Analysis of the poll results indicated that Danes might support some of biotechnology’s positive aspects, but the use of GMOs in food remained controversial.

In response to the GMO findings, the Danish government is financing a project that aims at communicating biotech knowledge and ethics to its population. This project, called BioTIK, is coordinated within nine ministries and has a budget of U.S.$4 million.


The Danish food sector is mature and highly concentrated, dominated by a relatively small number of processing and retail companies.

The flour milling industry is no exception, with fewer than 15 mills producing about 260,000 tonnes of flour annually. Among the major milling companies are Sweden-based Valsemollen and Cerealia.

Valsemollen operates two flour mills in Denmark, in Esbjerg and Koge, producing many flour types for the consumer, bakery and industrial markets. Valsemollen’s share of the Danish flour market totals about 30%.

Cerealia, one of the larger food groups in Scandinavia, is vertically integrated, producing and marketing a variety of grain-based foods, including flour, breakfast cereals, muesli, pasta and bread in Denmark. Cerealia is owned by the Swedish Farmers’ Supply and Crop Marketing Cooperative, which in turn is owned by about 54,000 Swedish farmers.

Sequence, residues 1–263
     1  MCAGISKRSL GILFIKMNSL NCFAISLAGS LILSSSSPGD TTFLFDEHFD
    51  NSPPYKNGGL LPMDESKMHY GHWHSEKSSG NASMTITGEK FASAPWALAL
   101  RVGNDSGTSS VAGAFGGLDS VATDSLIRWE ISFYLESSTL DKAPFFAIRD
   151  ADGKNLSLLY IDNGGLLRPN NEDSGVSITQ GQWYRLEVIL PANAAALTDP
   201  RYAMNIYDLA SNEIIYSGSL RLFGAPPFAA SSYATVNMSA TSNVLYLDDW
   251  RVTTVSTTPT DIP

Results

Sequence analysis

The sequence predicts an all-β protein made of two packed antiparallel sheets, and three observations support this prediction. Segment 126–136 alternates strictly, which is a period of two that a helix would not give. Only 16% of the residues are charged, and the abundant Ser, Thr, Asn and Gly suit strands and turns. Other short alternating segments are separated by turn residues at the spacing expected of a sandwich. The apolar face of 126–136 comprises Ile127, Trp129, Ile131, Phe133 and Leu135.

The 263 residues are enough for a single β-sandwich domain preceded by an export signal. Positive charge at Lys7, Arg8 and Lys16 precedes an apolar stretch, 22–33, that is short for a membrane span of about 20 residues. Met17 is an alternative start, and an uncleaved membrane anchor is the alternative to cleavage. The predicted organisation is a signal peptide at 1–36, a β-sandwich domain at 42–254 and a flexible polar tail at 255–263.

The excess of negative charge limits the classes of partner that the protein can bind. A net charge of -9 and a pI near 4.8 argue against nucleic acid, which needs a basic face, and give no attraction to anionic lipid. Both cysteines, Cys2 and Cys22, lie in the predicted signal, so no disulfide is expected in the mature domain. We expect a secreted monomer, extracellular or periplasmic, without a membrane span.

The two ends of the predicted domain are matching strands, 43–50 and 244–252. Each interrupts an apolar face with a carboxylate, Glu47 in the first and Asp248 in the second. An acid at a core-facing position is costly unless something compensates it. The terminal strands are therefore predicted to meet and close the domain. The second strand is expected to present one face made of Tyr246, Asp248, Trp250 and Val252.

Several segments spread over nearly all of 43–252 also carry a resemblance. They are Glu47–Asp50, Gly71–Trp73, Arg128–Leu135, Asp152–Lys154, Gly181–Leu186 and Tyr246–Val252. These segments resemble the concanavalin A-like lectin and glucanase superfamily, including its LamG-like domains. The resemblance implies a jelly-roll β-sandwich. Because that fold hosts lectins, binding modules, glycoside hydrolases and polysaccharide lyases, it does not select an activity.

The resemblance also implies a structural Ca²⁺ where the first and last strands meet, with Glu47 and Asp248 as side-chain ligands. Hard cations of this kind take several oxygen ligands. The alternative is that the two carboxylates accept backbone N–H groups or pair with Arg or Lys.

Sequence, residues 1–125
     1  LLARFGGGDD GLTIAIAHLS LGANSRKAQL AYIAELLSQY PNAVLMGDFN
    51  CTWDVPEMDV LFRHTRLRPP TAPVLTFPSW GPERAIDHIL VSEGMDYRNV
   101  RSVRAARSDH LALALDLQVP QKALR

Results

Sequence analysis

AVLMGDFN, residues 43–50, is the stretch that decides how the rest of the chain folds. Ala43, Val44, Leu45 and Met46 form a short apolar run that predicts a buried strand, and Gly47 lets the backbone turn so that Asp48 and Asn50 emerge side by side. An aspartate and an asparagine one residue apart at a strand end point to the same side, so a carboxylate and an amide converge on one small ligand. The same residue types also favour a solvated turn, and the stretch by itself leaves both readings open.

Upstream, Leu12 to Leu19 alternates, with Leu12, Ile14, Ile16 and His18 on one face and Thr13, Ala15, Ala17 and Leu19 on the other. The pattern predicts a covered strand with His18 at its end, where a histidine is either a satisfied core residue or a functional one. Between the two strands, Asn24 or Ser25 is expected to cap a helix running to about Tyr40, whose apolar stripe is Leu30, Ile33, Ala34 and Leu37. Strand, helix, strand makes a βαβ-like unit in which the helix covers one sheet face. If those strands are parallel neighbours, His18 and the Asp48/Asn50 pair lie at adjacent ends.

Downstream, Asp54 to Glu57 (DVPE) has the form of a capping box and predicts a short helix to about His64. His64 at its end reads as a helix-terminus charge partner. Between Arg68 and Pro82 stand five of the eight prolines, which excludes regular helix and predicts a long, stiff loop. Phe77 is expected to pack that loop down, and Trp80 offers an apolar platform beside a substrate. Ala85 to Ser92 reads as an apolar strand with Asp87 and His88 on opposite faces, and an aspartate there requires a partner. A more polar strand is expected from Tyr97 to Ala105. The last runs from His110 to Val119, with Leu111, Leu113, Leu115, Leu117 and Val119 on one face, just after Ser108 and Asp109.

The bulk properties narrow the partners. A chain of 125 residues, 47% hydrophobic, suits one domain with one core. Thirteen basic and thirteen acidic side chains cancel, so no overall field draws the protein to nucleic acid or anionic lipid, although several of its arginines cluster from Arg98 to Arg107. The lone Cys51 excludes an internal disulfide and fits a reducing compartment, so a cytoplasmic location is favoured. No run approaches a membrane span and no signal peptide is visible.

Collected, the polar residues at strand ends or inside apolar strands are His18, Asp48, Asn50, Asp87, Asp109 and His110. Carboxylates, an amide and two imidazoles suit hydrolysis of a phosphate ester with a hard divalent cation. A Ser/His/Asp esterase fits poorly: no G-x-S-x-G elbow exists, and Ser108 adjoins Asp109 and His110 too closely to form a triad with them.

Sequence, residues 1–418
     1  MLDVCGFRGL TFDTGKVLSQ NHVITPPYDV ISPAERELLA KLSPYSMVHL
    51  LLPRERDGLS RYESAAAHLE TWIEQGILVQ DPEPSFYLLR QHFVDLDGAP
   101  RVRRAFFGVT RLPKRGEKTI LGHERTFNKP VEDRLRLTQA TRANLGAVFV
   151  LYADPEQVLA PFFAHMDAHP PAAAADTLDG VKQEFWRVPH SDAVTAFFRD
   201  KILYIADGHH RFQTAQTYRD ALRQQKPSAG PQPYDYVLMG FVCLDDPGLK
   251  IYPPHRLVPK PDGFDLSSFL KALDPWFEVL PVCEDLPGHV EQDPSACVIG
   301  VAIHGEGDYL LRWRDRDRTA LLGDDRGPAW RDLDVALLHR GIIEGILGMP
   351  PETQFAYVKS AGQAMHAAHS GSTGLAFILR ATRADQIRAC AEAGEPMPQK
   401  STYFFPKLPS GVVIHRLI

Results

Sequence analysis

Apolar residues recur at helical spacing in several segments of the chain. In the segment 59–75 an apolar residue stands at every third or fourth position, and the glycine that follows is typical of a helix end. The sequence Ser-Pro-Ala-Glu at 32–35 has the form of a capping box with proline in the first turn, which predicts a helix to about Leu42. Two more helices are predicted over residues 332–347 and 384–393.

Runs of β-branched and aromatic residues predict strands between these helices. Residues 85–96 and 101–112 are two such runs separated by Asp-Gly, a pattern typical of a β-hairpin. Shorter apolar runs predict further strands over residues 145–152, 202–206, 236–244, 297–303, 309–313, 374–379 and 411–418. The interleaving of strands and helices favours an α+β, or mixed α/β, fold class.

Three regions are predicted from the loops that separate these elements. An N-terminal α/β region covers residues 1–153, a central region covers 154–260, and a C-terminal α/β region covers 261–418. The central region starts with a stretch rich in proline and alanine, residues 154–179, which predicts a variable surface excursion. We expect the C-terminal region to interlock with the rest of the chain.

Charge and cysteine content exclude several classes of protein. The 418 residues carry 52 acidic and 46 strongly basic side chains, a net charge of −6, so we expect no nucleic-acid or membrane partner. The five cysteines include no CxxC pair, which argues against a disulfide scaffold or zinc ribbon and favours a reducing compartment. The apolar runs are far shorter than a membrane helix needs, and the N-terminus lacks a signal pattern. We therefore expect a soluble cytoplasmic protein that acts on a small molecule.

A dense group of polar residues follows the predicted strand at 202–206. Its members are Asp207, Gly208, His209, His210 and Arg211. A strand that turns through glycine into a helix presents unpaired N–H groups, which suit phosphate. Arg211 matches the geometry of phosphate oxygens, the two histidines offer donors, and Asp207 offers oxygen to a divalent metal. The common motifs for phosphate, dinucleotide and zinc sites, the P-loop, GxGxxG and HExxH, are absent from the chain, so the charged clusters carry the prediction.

Denmark’s output of feed quality wheat means that Danish millers must import regularly, with wheat generally coming from Germany, France and the United Kingdom. Flour production is relatively stable, averaging about 260,000 tonnes a year, wheat equivalent.

A key issue among millers in recent years has been pest control after a total ban on methyl bromide took effect Jan. 1, 1998. Danish mills now use heightened sanitation measures, including more frequent shutdowns and chemical surface treatments.

Immediately after the ban took effect, the Danish Environmental Protection Agency launched a project to study integrated pest management strategies for flour mills. The goal of the project, conducted at three mills representative of the industry, was to increase knowledge of technically and environmentally acceptable prevention and control methods at an acceptable price level.

The project found that the costs of a successful IPM program were likely to be prohibitive given the industry’s tight margins in relation to the efficacy of IPM programs.


The Danish feed market, like most other of the country’s agricultural sectors, is dominated by a few large companies. But unlike other sectors, the feed manufacturing industry has a lower share of cooperatives; only 50% of Danish feed companies are farmer-owned, with the remainder privately owned.

Dansk Landbrugs Grovvareselskab is a major company within the animal feed sector and is a key supplier of agricultural products used for farming and breeding purposes. DLG’s share is about 30% of Denmark’s total annual feed product consumption.

In late 2002, DLG, together with seven other privately and cooperatively owned Danish grain and feedstuffs operations, purchased the Danish assets and activities in KFK, which was the largest major feed industry player and is owned by Norsk Hydro Norway. The purchase included all of KFK’s Danish grain and feedstuffs activities and associated activities, with the exception of Biomar A/S, Svenska Foder AB and KFK’s biofuel activities.

Two-thirds of the Danish grain harvest is used as feed in animal production. About half of all pigs are fed with ready-mix feed, with compound feed production at just under 3 million tonnes a year.